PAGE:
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Old 11-08-2013, 09:48 AM
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In terms of how long it takes one to come off of SISP,an average of 1-3 years if you stay in compliance with your stipulations remain focused. Non SO parolees often times see that happen the fastest and depending on the nature of ones offense. For SOs,it may or maynot be more complicated than that. Just depends on what you did to be placed on SISP to begin with. Many will be done with it in a year or two and a few will have to deal with it for some years to come.
What SISP was intended for in the beginning and what it has gone on to become are not entirely the same thing anymore. In the beginning,the majority of those on SISP were SOs,now some 16years later often times you see more non SOs on SISP across the state than you do SOs and thats not an opinion,that's according to someone with parole. The SISP law that began in 1997is much like a number of laws that been passed pertaining to prison & parole since the George Bush political philosophy became the norm down in Austin. The retributionists as opposed to the reformists will pass a law with the idea of getting their foot in the door on a given issue only to look up several years later and it have become something more than that or unrealistically absurd.
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Old 11-08-2013, 04:42 PM
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In terms of how long it takes one to come off of SISP,an average of 1-3 years if you stay in compliance with your stipulations remain focused.
That means NO violations...no monitor violations of ANY type, no dirty UA's, completely current on fees and fines and restitution.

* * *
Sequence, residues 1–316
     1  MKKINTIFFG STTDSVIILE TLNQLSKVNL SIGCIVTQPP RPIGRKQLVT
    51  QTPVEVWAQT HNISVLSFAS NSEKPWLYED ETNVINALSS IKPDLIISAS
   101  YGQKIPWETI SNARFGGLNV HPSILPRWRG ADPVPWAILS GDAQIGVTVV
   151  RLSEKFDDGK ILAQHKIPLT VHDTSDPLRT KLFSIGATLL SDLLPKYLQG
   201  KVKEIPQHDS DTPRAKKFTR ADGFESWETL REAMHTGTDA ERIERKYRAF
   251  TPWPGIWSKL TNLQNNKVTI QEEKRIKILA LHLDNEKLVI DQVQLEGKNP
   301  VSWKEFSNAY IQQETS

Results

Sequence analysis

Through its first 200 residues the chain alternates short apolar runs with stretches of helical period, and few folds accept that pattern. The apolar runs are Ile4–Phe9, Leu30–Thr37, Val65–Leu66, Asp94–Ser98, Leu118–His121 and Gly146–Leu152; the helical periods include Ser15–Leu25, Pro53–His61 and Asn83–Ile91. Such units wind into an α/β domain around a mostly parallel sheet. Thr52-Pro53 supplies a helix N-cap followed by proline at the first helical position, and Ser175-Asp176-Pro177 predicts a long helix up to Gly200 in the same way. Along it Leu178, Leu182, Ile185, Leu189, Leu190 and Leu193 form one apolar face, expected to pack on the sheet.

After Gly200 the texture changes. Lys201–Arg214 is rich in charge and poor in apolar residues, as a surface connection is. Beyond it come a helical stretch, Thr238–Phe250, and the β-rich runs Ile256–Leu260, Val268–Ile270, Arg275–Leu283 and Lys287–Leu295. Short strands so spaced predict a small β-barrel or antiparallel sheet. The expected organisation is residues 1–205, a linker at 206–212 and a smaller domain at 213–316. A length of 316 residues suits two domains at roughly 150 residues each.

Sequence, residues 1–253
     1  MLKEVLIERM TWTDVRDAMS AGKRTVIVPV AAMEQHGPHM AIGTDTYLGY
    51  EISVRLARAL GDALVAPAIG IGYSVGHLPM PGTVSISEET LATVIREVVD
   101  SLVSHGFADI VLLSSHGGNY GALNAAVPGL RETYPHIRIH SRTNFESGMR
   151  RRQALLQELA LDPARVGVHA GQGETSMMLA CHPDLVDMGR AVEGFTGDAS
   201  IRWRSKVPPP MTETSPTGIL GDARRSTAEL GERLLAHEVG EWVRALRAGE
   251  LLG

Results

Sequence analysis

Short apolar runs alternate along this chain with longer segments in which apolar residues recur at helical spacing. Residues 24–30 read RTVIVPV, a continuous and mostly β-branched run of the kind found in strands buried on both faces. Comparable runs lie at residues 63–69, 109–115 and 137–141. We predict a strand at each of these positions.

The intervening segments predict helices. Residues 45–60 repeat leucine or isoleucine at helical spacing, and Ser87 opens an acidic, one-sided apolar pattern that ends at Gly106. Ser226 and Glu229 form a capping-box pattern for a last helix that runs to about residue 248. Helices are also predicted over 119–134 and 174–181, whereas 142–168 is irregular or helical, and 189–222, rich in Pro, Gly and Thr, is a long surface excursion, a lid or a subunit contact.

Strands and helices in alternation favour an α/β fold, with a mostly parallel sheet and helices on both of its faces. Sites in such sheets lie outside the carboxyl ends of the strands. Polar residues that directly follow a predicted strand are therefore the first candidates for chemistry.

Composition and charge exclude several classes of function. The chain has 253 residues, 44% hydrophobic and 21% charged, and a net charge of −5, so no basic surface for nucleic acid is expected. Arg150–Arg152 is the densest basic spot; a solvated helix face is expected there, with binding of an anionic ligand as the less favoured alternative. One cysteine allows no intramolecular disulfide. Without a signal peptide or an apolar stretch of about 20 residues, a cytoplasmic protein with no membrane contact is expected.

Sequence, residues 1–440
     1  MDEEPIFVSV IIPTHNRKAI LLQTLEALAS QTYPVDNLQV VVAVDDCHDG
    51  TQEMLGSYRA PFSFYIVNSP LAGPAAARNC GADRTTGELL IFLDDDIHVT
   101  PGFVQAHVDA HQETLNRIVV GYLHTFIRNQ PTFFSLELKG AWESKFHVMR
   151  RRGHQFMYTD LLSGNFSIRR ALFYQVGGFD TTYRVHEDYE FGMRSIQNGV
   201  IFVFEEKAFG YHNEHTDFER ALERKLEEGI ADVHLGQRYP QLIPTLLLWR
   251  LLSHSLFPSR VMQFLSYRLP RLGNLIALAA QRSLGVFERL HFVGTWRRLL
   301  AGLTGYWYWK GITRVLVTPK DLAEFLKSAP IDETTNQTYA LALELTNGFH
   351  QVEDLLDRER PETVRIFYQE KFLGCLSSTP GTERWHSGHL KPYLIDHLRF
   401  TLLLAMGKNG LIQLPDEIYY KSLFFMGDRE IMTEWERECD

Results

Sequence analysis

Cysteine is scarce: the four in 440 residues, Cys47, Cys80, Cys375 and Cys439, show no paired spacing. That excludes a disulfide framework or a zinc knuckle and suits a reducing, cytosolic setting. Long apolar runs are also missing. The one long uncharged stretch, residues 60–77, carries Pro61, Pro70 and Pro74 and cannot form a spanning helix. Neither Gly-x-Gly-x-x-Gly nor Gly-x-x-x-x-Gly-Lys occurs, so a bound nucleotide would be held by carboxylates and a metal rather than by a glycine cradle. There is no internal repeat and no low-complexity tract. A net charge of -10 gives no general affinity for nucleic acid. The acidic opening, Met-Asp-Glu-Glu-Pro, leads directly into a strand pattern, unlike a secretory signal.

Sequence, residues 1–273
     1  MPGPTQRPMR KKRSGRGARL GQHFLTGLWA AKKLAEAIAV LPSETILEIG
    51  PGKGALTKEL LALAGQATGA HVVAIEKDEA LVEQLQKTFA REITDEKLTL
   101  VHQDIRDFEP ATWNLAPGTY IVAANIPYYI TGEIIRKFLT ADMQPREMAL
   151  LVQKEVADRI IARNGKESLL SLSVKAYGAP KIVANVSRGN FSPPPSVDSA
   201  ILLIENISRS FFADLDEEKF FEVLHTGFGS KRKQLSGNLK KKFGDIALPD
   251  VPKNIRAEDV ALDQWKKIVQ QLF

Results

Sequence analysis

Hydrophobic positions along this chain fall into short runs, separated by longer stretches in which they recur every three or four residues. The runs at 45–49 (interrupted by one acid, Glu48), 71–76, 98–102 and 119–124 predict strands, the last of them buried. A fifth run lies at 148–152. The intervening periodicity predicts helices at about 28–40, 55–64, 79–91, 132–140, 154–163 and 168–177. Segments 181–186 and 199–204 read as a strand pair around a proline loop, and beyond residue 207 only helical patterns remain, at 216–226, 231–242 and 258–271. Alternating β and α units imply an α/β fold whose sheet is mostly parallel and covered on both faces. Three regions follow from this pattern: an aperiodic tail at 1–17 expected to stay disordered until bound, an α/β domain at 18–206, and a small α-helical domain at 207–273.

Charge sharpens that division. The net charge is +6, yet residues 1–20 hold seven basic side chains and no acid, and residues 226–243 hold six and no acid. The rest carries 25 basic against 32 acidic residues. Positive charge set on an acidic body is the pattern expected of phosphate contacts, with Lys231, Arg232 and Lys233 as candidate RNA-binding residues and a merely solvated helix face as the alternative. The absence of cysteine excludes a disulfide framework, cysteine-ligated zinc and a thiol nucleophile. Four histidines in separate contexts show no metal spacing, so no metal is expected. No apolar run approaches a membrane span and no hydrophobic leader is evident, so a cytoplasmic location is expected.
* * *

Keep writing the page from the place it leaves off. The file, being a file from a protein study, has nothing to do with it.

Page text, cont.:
Quote:
What SISP was intended for in the beginning and what it has gone on to become are not entirely the same thing anymore. In the beginning,the majority of those on SISP were SOs,
That is actually incorrect. Most in the beginning were Aggravated offenses, to include Murder and other offenses with Deadly Weapon provisions.

SISP was a legislative response to the State of Florida having been slapped down by the SCotUS when they tried to retroactively do away with their equivalent to mandatory supervision. As an outcropping of that, we got both SISP as well as discretionary-mandatory-supervision. SISP was designed to stringently supervise those persons who would never have been released except by discharge of sentence but for the pre-September 1987 provisions of law where EVERYONE with a numeric sentence was eligible for mandatory supervision, no matter HOW heinous the offense.

I was on the committee that wrote some of the original guidelines and the files for SISP releases lived outside of my office in the very beginning. From an issuance standpoint, the agency took the zero-tolerance stance to heart- the very first guy released on SISP was the subject of a warrant barely two hours after release because they stopped on the way home for a burger.

Quote:
The SISP law that began in 1997is much like a number of laws that been passed pertaining to prison & parole since the George Bush political philosophy became the norm down in Austin. The retributionists as opposed to the reformists will pass a law with the idea of getting their foot in the door on a given issue only to look up several years later and it have become something more than that or unrealistically absurd.
SISP as a broad concept was not defined in law. Rather the Legislature had directed the agency to come up with something more stringent than Condition L- Highest Level of Supervision. AND they provided funding. The agency then was tasked with the specifics of the program. I still keep many of my original notes from those August 1997 meetings because they occasionally are of use when I get hired as an expert witness in some of the cases where supervision is an issue before the Court.
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Old 11-09-2013, 11:05 AM